Yukon is reporting 503 new vaccinations administered for a total of 42,857 doses given. The territory has administered doses at a rate of 1,026.982 per 1,000. In the territory, 43.36 per cent (18,095) of the population has been fully vaccinated. There were zero new vaccines delivered to Yukon for a total of 51,400 doses delivered so far. The territory has received enough of the vaccine to give 120 per cent of its population a single dose. The territory has used 83.38 per cent of its available vaccine supply.

The Northwest Territories are reporting zero new vaccinations administered for a total of 41,217 doses given. The territory has administered doses at a rate of 913.518 per 1,000. In the territory, 36.51 per cent (16,471) of the population has been fully vaccinated. There were zero new vaccines delivered to the Northwest Territories for a total of 51,600 doses delivered so far. The territory has received enough of the vaccine to give 110 per cent of its population a single dose. The territory has used 79.88 per cent of its available vaccine supply.

Nunavut is reporting 323 new vaccinations administered for a total of 23,892 doses given. The territory has administered doses at a rate of 616.95 per 1,000. In the territory, 25.86 per cent (10,015) of the population has been fully vaccinated. There were zero new vaccines delivered to Nunavut for a total of 37,500 doses delivered so far. The territory has received enough of the vaccine to give 97 per cent of its population a single dose. The territory has used 63.71 per cent of its available vaccine supply.

*Notes on data: The figures are compiled by the COVID-19 Open Data Working Group based on the latest publicly available data and are subject to change. Note that some provinces report weekly, while others report same-day or figures from the previous day. Vaccine doses administered is not equivalent to the number of people inoculated as the approved vaccines require two doses per person. The vaccines are currently not being administered to children under 18 and those with certain health conditions. In some cases the number of doses administered may appear to exceed the number of doses distributed as some provinces have been drawing extra doses per vial.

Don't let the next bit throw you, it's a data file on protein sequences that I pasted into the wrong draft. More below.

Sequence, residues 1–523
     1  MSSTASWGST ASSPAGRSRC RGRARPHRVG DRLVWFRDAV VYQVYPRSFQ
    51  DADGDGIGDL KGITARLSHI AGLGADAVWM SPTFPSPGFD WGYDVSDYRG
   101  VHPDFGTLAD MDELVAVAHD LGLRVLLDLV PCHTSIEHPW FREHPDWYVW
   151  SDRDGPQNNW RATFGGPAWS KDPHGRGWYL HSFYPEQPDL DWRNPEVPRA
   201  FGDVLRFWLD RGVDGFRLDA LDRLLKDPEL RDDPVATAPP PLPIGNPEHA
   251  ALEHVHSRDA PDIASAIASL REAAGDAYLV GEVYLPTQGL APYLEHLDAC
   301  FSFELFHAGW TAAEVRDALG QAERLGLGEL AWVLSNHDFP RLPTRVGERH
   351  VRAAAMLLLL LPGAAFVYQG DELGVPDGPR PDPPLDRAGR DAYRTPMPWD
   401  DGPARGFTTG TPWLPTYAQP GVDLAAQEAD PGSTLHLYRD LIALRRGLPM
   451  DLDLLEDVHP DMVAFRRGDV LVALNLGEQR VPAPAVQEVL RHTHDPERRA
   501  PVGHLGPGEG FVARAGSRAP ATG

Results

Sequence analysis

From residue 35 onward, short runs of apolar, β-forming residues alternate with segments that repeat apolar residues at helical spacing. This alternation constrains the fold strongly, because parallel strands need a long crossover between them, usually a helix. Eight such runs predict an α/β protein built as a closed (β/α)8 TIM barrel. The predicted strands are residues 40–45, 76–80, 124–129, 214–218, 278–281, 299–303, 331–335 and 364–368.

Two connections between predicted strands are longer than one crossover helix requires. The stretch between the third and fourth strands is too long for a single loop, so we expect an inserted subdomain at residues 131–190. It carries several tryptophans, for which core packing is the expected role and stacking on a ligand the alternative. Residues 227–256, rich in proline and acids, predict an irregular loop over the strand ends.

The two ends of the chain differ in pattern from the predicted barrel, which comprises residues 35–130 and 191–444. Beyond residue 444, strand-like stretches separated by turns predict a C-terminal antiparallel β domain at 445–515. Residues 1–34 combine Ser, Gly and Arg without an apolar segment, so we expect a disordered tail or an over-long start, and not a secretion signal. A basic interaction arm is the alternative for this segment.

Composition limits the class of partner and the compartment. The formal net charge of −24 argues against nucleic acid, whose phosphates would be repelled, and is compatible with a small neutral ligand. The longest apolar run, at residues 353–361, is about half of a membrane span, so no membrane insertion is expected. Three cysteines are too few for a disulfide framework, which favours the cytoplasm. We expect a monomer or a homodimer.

This report was automatically generated by The Canadian Press Digital Data Desk and was first published April 15, 2021.

The Canadian Press

Is in-person worship an essential service?

THE BIG STORY | posted Thursday, Apr 15th, 2021

In today’s Big Story podcast, last weekend, protesters clashed with police over the closing of GraceLife Church in Alberta. It’s not the first time that houses of worship have been a flashpoint for anti-lockdown action. Why has religion, and in particular evangelical and fundamentalist Christianity been so opposed to restrictions on in-person gatherings, even in provinces run by conservatives? How have churches of all denominations handled a year of virtual worship? How do you keep faith in a time of plague, when some of your fellow Christians seemed determined to spread it?

GUEST: Michael Coren, Anglican cleric, author, broadcaster

You can subscribe to The Big Story podcast on Apple Podcasts, Google and Spotify

You can also find it at thebigstorypodcast.ca.

A look at the lives lost in the April 2020 Nova Scotia mass shooting

THE CANADIAN PRESS | posted Thursday, Apr 15th, 2021

HALIFAX — The victims in one of Canada’s worst mass killings included an RCMP officer, a teacher, health-care workers, retirees, neighbours of the shooter and two correctional officers killed in their home.

Here is a look at the 22 lives lost on April 18-19, 2020:

Elizabeth Joanne Thomas and John Zahl

Thomas and Zahl died in Portapique, N.S., where their home was among those set on fire. Thomas was in her late 50s and was known as Joanne to friends and family. She hailed from Winnipeg and fell in love with Nova Scotia on a trip during her teenage years, her son Justin Zahl said. After raising two sons in Albuquerque, N.M., Thomas and her husband retired to their dream home in Portapique about three years ago. John Zahl, in his late 60s, was originally from Minnesota and worked for FedEx before retiring and later working as an educational assistant with special needs students. After moving to Nova Scotia, Thomas threw herself into volunteering with her local church. She had worked on charity projects providing food and laundry service for the homeless, her son said, describing her as a “living, walking angel.”

Peter and Joy Bond

Social media accounts, including by relatives and a New Brunswick church, shared sadness at the news that the Bonds, a couple who “were loved by their family, friends and community,” were among the dead. A death notice in the Halifax Chronicle Herald said Peter Bond, 74, would be remembered “for his sense of humour and his stories of the past” while his wife Joy, 70, would be remembered “for being the life of the party, her beautiful smile, her contagious laugh and her ability to always keep it together for everyone.” The retired couple lived in Portapique, N.S., and had two sons.

Lillian Campbell